Did You Know
Oxford University researchers have estimated that 47 percent of U.S. jobs could be automated within the next two decades. But which white-collar jobs will robots take first?
First, we should define “robots” (for this article only) as technologies, such as machine learning algorithms running on purpose-built computer platforms, that have been trained to perform tasks that currently require humans to perform.
With this in mind, let’s think about what you’ll do after white-collar work. Oh, and I do have a solution for the short term that will make you the last to lose your job to a robot, but I’m saving it for the end of the article.
1 – Middle Management
If your main job function is taking a number from one box in Excel and putting it in another box in Excel and writing a narrative about how the number got from place to place, robots are knocking at your door.
Any job where your “special and unique” knowledge of the industry is applied to divine a causal relationship between numbers in a matrix is going to be replaced first. Be ready.
2 – Commodity Salespeople (Ad Sales, Supplies, etc.)
Unless you sell dreams or magic or negotiate using special perks, bribes or other valuable add-ons that have nothing to do with specifications, price and availability, start thinking about your next gig.
Machines can take so much cost out of any sales process (request for proposal, quotation, order and fulfillment system), it is the fiduciary responsibility of your CEO and the board to hire robots. You’re fighting gravity … get out!
3 – Report Writers, Journalists, Authors & Announcers
Writing is tough. But not report writing. Machines can be taught to read data, pattern match images or video, or analyze almost any kind of research materials and create a very readable (or announceable) writing.
Text-to-speech systems are evolving so quickly and sound so realistic, I expect both play-by-play and color commentators to be put out of work relatively soon – to say nothing about the numbered days of sports or financial writers.
You know that great American novel you’ve been planning to write? Start now, before the machines take a creative writing class.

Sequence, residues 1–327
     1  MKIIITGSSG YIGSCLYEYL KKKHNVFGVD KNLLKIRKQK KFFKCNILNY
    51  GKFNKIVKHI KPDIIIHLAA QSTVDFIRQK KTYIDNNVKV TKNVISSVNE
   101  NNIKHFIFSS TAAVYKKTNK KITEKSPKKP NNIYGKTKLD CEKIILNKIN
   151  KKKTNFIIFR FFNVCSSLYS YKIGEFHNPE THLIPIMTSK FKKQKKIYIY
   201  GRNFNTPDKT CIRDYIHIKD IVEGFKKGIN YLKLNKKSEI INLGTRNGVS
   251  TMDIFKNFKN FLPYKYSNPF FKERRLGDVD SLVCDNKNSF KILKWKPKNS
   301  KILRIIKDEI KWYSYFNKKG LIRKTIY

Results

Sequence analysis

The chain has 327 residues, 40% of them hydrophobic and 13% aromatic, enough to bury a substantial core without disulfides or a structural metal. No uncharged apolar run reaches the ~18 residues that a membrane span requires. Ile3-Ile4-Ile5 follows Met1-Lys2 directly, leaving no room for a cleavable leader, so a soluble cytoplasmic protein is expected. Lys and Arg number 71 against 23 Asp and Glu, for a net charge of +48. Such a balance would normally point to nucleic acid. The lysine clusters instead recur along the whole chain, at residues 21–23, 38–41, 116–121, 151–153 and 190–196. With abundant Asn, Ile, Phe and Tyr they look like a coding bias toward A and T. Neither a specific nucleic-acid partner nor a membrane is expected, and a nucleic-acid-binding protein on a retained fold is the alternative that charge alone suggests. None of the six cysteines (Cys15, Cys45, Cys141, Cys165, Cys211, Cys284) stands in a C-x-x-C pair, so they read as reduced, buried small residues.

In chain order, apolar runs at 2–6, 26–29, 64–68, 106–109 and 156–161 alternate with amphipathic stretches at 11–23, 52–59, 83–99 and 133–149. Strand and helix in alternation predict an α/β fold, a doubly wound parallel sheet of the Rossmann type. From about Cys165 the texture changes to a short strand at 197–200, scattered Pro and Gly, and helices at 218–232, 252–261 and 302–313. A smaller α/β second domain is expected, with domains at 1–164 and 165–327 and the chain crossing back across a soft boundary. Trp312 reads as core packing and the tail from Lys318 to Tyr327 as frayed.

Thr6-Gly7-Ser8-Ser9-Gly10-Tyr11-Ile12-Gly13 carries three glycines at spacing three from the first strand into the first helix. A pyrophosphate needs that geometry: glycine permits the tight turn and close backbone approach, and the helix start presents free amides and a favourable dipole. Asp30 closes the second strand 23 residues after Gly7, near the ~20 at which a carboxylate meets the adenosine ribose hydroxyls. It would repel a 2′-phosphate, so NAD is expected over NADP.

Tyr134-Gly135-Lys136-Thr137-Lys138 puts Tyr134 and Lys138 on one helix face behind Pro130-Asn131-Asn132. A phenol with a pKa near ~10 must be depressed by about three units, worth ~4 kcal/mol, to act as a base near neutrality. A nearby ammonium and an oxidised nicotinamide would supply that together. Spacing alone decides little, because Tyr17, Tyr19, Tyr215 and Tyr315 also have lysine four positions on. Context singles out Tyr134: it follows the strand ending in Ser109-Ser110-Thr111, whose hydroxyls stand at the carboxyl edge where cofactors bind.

4 – Accountants & Bookkeepers
Data processing probably created more jobs than it eliminated, but machine learning–based accountants and bookkeepers will be so much better than their human counterparts, you’re going to want to use the machines.
Robo-accounting is in its infancy, but it’s awesome at dealing with accounts payable and receivable, inventory control, auditing and several other accounting functions that humans used to be needed to do. Big Four auditing is in for a big shake-up, very soon.
5 – Doctors
This may be one of the only guaranteed positive outcomes of robots’ taking human jobs.
The current world population of 7.3 billion is expected to reach 8.5 billion by 2030, 9.7 billion in 2050 and 11.2 billion in 2100, according to a new UN DESA (United Nations Department of Economic and Social Affairs) report.
In practice, if everyone who ever wanted to be a doctor became one, we still would not have enough doctors.
The good news is that robots make amazing doctors, diagnosticians and surgeons.
According to Memorial Sloan Kettering Cancer Center, IBM’s Watson is teaming up with a dozen US hospitals to offer advice on the best treatments for a range of cancer, and also helping to spot early-stage skin cancers.
And ultra-precise robo-surgeons are currently used for everything from knee replacement surgery to vision correction.
This trend is continuing at an incredible pace. I’m not sure how robodoc bedside manner will be, but you could program a “Be warm and fuzzy” algorithm and the robodoc would act warm and fuzzy. (Maybe I can get someone to program my human doctors with a warm and fuzzy algorithm?)